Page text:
Watch Emily's first-hand account about how access to water "close to our doorsteps" has improved the quality of life for her community and her family.

There's never a great time to impose higher taxes on funeral services — but doing it in the middle of a raging pandemic is an especially bad move. Yet that was one of a number of measures that the Colombian government proposed last week in a controversial new tax bill that has provoked the country's largest and most violent protests in decades.

In the days since, the finance minister has resigned, the tax reform has been pulled, and President Iván Duque has called for fresh dialogue with activists, union leaders, and opposition politicians.

But demonstrations, vandalism, and deadly clashes with police have only intensified. Two dozen people are dead, 40 are missing, and the UN has criticized Colombian police for their heavy-handed response.

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While residents of wealthy countries are getting ready for hot vaxxed summer — COVID is still ravaging many low- and middle-income countries. The horrifying scenes coming out of India in recent weeks have gripped the world, causing governments and civil society to quickly mobilize and pledge support.

But on the other side of the globe, Brazil is also being pummeled by the pandemic — and has been for a year now. Yet thus far, the outpouring of aid and (solidarity) hasn't been as large.

What explains the global alarm at India's situation, and seeming passivity towards Brazil's plight? What are the politics of compassion?

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Paris-London face-off at sea: France and the UK are at loggerheads in the high seas this week over post-Brexit fishing access in Jersey, an island off the English Channel. Furious at regulations that they say makes it harder to fish in these lucrative waters, dozens of French fishing boats amassed near the Channel Island, threatening to block access to the port. In response, UK Prime Minister Boris Johnson deployed two naval vessels — a move critics say was an unnecessary escalation, and an attempt by the PM to flex his muscles and bolster the Tory vote ahead of Thursday's regional election. France, for its part, sent its own naval ship and threatened to cut off Jersey's electricity supply, 90 percent of which comes from French underwater cables. Fishing rights was one of the final sticking points of Brexit trade negotiations, an emotive political issue for many Britons who say that they got a subpar deal when the UK joined the European Economic Community in the 1970s. Though an UK-EU Brexit agreement was finally reached in December 2020, it's clear that there are still thorny issues that need to be resolved.

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10: Joshua Wong was sentenced along with other Hong Kong democracy activists to 10 months in prison for participating in a vigil last year marking the anniversary of the Tiananmen Square massacre in Beijing. Wong is currently behind bars for participating in separate pro-democracy protests, and will only start this new sentence after that term concludes in November.

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What's the biggest foreign policy misconception that Americans have about the US's role in the world? According to international relations expert Tom Nichols, too few Americans believe that the US, in fact, has a critical role in the world, and that the things Americans enjoy, from cheap goods to safe streets, are made possible because of American global leadership. "Americans have become so spoiled and inured to the idea that the world is a dangerous place that they don't understand that the seas are navigable because someone makes them that way. They don't understand that peace between the great powers is not simply like the weather, that just happens," Nichols tells Ian Bremmer. Their conversation is featured on an episode of GZERO World, airing on US public television – check local listings.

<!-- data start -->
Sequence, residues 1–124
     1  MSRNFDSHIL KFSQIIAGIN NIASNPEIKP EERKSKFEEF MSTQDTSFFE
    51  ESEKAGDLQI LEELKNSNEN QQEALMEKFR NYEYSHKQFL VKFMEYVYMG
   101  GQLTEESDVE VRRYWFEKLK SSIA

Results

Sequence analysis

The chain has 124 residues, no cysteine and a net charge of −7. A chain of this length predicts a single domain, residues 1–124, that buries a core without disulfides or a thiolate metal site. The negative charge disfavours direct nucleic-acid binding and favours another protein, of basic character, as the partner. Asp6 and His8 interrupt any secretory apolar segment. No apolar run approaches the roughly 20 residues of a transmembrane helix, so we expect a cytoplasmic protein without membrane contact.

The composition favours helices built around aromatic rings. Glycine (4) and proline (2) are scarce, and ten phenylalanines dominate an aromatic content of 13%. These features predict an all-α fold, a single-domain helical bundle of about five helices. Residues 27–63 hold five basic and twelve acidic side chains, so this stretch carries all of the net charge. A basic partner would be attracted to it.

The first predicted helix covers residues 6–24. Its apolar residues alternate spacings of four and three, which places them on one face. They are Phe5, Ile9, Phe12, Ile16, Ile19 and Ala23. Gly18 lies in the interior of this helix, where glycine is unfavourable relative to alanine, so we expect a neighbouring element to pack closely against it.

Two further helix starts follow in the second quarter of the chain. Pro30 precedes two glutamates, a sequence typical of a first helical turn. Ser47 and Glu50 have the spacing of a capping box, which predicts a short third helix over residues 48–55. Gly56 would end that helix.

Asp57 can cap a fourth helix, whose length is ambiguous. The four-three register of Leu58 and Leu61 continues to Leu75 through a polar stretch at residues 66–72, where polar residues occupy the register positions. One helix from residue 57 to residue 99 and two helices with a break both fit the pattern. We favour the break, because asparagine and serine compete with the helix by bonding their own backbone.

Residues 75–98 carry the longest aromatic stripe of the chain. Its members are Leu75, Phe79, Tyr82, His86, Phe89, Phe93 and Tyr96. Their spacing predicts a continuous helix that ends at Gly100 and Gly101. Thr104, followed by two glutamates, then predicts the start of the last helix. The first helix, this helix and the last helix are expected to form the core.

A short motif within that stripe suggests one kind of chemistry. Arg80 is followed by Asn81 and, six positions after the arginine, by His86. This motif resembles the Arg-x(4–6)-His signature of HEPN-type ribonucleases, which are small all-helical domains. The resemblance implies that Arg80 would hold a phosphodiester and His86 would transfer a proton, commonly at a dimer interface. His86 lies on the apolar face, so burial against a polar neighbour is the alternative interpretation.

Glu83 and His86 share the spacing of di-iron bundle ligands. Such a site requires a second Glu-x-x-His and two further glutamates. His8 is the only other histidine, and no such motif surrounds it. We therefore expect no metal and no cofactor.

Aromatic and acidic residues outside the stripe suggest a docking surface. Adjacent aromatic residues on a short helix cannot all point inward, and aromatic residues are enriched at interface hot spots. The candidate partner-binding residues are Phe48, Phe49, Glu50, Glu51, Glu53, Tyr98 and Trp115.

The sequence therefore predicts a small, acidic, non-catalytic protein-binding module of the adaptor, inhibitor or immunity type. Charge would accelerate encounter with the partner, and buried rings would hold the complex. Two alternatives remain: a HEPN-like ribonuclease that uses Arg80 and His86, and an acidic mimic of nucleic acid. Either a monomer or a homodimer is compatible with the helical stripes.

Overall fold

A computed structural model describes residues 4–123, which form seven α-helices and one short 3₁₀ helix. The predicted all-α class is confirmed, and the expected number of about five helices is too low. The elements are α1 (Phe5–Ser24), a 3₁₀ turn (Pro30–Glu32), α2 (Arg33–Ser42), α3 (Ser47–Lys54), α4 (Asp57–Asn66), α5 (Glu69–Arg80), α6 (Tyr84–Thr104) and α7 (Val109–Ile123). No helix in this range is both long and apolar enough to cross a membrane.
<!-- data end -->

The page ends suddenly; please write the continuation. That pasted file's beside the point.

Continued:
Watch the episode: Make politics "boring" again: Joe Biden's first 100 Days

The cover story of The Economist declares that Taiwan is "The most dangerous place on Earth," because China might finally be ready to plan an invasion of the island. But are the consequences of such a move worth the many risks to China and its President Xi Jinping? Ian Bremmer breaks out the Red Pen to to explain why a US-China war over Taiwan is unlikely.

We are taking our red pen to a recent article from The Economist. The Economist, you ask, how could I? I love The Economist, I know, I know. But you'd lose respect if I give this piece a pass. In fact, it was the magazine's cover story this week, so I had no choice. The image and headline say it all. Here it is, Taiwan is now "the most dangerous place on earth" as US/China relations continue to sour in the opening months of President Biden's administration.

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Delhi-based reporter Barkha Dutt's decades of journalism couldn't prepare her for the horrific experience of covering the death of one specific COVID-19 victim: her own father. In a conversation with Ian Bremmer, Dutt recounts her desperate struggle to find an ambulance to take her father through Delhi traffic to reach the hospital, only for him to die in the ICU. Their in-depth discussion looks at India's struggle with the world's worst COVID crisis in the upcoming episode of GZERO World begins airing on US public television Friday, May 7. Check local listings.

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Would China really invade Taiwan?

The Red Pen

India’s COVID crisis hits home

GZERO World Clips
The GZERO World Podcast with Ian Bremmer. Listen now.

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Subscribe to GZERO Media's newsletter: Signal